JUN 10, 2018 03:14 PM PDT

NASA's Curiosity Rover Finds "Organic Compounds" and More on Mars

The possibility that life once existed on Mars is an idea that has captivated planetary scientists for decades. But new findings uncovered by NASA’s Curiosity rover appear to reinforce these ideas and have been published in the journal Science.

A selfie taken by NASA's Curiosity rover on Mars.

Image Credit: NASA/JPL-Caltech/MSSS

In a statement released by NASA over the weekend, the space agency reports stumbling upon potential evidence of ancient organic material inside of 3 billion-year-old rocks that were excavated and analyzed by Curiosity’s onboard drill and laboratory.

While performing the analysis, Curiosity purportedly identified peculiar amounts of various organic compounds, such as carbon, hydrogen, nitrogen, and oxygen, to name a few.

Notably, these compounds can exist on other planets without the help of biological processes, so it’s not enough evidence to validate whether life existed on the Martian surface or not. But if that small detail wasn’t attention-grabbing in and of itself, then perhaps the next tidbit is.

Curiosity also confirmed what appear to be seasonal shifts in the amount of atmospheric methane on Mars. Again, this could be related to non-biological mechanisms, but it raises some eyebrows for sure. The source of these rather substantial findings remains unconfirmed.

“With these new findings, Mars is telling us to stay the course and keep searching for evidence of life,” said Thomas Zurbuchen, associate administrator for the Science Mission Directorate at NASA Headquarters, in Washington.

Related: NASA tried Curiosity's new drilling technique, and it worked flawlessly

“Curiosity has not determined the source of the organic molecules,” added Jen Eigenbrode of NASA’s Goddard Space Flight Center in Greenbelt, Maryland, who is a lead author of one of the Science papers.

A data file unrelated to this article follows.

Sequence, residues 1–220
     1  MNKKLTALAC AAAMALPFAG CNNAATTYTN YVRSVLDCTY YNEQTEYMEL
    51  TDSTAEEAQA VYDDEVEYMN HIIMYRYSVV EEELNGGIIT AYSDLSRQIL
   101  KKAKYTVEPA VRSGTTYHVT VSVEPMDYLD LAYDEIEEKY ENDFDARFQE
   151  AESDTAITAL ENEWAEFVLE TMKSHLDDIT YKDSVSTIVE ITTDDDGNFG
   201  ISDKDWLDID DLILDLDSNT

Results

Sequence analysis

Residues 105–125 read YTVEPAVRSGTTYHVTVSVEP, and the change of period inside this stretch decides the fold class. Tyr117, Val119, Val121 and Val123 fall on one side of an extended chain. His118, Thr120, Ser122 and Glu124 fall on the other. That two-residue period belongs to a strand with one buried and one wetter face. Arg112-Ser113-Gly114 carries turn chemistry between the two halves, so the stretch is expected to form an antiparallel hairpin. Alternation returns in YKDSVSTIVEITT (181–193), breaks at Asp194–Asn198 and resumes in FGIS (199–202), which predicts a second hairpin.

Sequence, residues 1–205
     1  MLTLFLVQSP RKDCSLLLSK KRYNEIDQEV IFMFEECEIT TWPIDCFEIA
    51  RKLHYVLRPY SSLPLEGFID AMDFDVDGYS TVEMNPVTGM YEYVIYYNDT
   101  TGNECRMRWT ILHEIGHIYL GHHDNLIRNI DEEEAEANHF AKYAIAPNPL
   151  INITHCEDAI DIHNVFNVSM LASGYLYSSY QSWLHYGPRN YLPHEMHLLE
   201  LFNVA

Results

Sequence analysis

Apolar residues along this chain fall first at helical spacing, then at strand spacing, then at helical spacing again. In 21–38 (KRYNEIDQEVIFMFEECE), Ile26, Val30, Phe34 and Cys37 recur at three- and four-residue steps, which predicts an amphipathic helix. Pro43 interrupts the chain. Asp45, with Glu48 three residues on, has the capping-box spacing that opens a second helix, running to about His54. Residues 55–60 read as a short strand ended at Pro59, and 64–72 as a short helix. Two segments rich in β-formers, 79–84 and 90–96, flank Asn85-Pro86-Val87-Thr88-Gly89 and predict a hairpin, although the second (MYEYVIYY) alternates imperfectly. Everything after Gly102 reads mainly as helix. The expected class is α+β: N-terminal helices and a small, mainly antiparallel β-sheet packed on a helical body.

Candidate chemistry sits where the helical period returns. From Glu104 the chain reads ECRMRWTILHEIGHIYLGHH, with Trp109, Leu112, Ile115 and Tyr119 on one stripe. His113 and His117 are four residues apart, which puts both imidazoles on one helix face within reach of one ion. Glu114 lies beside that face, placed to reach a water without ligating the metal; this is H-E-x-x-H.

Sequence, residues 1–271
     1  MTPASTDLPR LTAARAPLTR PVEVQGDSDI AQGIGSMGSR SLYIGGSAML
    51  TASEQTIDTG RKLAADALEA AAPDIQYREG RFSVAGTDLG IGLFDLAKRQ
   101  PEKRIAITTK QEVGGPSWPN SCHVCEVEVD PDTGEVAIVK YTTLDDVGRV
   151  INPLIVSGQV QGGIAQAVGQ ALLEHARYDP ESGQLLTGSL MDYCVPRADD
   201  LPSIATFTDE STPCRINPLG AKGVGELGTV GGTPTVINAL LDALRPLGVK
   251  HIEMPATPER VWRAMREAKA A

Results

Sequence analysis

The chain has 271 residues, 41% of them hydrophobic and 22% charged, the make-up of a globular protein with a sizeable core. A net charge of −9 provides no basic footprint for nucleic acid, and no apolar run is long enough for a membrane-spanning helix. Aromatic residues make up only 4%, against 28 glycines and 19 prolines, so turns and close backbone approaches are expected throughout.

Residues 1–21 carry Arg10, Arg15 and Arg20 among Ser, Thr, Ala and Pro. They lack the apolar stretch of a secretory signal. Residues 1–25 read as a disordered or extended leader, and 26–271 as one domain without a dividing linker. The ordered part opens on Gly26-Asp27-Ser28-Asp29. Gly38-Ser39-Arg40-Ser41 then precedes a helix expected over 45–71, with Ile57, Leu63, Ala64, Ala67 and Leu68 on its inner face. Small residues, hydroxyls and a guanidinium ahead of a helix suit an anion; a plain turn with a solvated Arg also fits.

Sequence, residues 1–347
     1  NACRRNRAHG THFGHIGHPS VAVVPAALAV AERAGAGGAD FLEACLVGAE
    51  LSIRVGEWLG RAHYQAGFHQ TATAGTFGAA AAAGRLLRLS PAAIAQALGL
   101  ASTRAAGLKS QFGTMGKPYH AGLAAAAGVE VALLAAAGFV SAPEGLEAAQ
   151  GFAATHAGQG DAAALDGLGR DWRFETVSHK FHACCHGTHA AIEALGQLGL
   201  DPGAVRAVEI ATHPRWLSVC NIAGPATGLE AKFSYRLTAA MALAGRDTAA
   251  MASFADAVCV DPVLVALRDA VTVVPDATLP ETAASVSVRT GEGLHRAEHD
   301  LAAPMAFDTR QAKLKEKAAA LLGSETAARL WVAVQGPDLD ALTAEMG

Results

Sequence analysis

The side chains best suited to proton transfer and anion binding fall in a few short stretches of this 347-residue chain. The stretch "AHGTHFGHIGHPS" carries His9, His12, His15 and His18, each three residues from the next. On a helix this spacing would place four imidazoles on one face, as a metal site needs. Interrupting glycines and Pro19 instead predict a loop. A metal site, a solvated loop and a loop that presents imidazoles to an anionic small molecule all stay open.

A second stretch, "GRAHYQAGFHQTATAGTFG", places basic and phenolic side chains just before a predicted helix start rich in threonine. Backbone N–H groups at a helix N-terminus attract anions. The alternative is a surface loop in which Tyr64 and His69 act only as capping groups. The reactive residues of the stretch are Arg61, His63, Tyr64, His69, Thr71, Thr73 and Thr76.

“Whether it holds a record of ancient life, was food for life, or has existed in the absence of life, organic matter in Martian materials holds chemical clues to planetary conditions and processes.”

Related: Curiosity's wheels are beginning to break down

As you can probably imagine, planetary scientists are excited about these new findings and can’t wait to explore Mars some more. Fortunately, Curiosity still has a long ride to go before the mission ends, and the Mars 2020 rover will be deployed to pick up where it leaves off in the foreseeable future.

Understanding Mars and the secrets contained there have implications for understanding the planet’s history and future colonization attempts. It should be interesting to see what future studies bring as researchers continue probing our planetary neighbor for answers.

Source: NASA

About the Author
  • Fascinated by scientific discoveries and media, Anthony found his way here at LabRoots, where he would be able to dabble in the two. Anthony is a technology junkie that has vast experience in computer systems and automobile mechanics, as opposite as those sound.
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